HHB15 The Bathtub Hoax. In 1917 the New York Daily Mail published a fictitious history of the bathtub which is still repeated as the truth today. The story claimed that bathtubs were unacceptable by the populace until President Mallard Fillmore got on himself.
HHB16. The Cottingley Fairies. Again, in 1917, but this time in England, the news fooled the public. Two children were photographed with “fairies”. The photographer later admitted that the pictures had been faked and the fairies were cardboard cut-outs, but insisted that they had actually seen spirits.
HHB17. James Reavis. In the late 19th century, Reavis devised an elaborate scheme to attempt to prove that he owned the state of Arizona. He had false family diaries, deeds and a long family tree to attempt to substantiate his right to ownership.
HHB18. The Piltdown Man. For 40 years the discovery of bones in Piltdown, England were regarded as evidence of a new type of early man, but in 1953 they were found to be an amalgamation of human and chimpanzee bones.
HHB19. The Cardiff Giant. In 1869 workers digging a well in Cardiff, New York allegedly found the petrified remains of a 10-foot-tall man. It was actually made of gypsum and planted there by George Hull who hired the workers to unearth it.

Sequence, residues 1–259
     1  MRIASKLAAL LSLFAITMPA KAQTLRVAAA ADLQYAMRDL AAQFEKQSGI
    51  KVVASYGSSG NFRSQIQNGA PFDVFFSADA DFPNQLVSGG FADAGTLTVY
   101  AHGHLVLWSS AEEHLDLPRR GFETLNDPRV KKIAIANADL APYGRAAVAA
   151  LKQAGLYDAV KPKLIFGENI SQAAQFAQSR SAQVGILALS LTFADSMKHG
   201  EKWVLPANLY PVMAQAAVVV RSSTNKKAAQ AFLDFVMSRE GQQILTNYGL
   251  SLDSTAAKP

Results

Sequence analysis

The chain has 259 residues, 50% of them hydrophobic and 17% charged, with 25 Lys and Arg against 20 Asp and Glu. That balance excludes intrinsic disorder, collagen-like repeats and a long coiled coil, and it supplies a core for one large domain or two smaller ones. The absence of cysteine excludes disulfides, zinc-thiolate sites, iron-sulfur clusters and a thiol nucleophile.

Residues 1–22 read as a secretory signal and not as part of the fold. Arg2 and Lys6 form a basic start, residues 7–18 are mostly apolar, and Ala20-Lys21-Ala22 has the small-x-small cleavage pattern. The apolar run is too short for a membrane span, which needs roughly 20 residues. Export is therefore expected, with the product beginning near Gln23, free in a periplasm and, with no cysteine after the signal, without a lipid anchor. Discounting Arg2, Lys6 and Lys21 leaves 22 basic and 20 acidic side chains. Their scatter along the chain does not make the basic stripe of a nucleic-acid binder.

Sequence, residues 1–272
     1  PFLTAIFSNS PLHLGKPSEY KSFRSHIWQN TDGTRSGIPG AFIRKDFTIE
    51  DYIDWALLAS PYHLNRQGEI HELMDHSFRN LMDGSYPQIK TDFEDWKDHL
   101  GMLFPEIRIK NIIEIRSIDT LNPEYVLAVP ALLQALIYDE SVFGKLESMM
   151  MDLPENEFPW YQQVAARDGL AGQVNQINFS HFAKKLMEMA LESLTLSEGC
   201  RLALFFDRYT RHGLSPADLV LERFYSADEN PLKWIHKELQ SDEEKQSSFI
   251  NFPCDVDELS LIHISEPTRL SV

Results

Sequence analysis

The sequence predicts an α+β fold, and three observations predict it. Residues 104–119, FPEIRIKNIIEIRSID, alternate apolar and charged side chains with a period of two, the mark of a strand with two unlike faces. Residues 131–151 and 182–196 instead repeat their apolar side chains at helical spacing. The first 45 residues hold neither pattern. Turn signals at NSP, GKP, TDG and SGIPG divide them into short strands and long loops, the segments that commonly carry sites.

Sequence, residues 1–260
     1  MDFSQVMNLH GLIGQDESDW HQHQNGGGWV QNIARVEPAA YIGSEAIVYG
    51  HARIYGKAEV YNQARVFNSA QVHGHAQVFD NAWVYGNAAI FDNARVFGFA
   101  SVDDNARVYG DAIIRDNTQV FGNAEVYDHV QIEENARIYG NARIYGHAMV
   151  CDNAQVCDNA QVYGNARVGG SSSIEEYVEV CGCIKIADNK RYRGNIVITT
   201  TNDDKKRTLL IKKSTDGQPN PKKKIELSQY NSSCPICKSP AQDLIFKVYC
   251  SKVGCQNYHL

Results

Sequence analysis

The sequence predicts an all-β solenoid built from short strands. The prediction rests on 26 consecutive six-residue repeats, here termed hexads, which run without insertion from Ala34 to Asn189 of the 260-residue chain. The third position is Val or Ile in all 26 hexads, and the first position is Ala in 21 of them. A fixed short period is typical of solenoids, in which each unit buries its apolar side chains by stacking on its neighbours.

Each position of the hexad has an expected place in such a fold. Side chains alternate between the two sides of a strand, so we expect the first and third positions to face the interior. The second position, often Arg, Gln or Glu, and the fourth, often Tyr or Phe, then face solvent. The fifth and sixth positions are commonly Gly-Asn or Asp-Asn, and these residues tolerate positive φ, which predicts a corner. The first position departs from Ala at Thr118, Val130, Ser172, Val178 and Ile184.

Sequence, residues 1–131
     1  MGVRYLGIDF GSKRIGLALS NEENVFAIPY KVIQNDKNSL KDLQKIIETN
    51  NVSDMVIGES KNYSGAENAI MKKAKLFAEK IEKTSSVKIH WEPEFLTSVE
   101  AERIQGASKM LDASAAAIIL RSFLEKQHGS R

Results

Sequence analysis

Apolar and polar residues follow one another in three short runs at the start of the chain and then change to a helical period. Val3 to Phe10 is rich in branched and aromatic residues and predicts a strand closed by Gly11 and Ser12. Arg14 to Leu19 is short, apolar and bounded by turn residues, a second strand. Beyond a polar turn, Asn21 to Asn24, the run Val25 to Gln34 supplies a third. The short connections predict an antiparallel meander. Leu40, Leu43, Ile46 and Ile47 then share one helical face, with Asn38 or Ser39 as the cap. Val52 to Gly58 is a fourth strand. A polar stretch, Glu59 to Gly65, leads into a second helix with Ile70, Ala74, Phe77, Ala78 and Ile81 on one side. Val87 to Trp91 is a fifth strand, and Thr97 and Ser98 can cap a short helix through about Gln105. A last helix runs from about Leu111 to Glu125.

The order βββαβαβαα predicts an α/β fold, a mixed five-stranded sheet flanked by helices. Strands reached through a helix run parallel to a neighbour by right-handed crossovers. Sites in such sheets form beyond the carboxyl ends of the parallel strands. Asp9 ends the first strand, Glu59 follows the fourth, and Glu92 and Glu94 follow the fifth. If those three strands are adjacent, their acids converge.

HHB20. Cold Fusion. Had it been real, “cold fusion” may have provided the world with an inexpensive and plentiful source of energy. This was claimed by two scientists in 1989, but was later deemed impossible and an example of pathological science.
Well, there ya have it folks! Thanks to Allen & Ginter, you may have learned something today, I did. I love baseball cards, but I also love the way that A & G slip in a little history, some Americana and a bit of legend and pop culture into their card sets. This was a fun set to chase, I am glad it is done and I want to thank Duane from Democratic Roadkill once more for hooking me up with all of these neat little cards. I think Creatures of Myth, Legend and Terror may be my next stop… The main thing that I learned from this is that it has been far too long since someone has pulled off a real good hoax that didn't involve ripping people off. I am excited to be a part of the blog-o-sphere in April this year! This was an awful lot of scanning and uploading, so please spread the word that these are up. Gotta go to work, enjoy! Go Rays! Troll out.